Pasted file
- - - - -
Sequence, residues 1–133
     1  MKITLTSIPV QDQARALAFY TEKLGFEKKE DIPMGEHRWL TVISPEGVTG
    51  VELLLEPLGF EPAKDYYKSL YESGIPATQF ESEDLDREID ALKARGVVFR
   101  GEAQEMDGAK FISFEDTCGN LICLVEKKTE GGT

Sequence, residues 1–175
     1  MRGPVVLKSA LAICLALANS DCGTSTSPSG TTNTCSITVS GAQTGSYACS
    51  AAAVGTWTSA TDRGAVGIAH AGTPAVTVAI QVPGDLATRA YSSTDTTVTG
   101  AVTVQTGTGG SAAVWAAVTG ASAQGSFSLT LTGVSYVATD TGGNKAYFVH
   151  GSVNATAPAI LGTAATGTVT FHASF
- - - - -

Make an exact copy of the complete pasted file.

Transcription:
Sequence, residues 1–133
     1  MKITLTSIPV QDQARALAFY TEKLGFEKKE DIPMGEHRWL TVISPEGVTG
    51  VELLLEPLGF EPAKDYYKSL YESGIPATQF ESEDLDREID ALKARGVVFR
   101  GEAQEMDGAK FISFEDTCGN LICLVEKKTE GGT

Sequence, residues 1–175
     1  MRGPVVLKSA LAICLALANS DCGTSTSPSG TTNTCSITVS GAQTGSYACS
    51  AAAVGTWTSA TDRGAVGIAH AGTPAVTVAI QVPGDLATRA YSSTDTTVTG
   101  AVTVQTGTGG SAAVWAAVTG ASAQGSFSLT LTGVSYVATD TGGNKAYFVH
   151  GSVNATAPAI LGTAATGTVT FHASF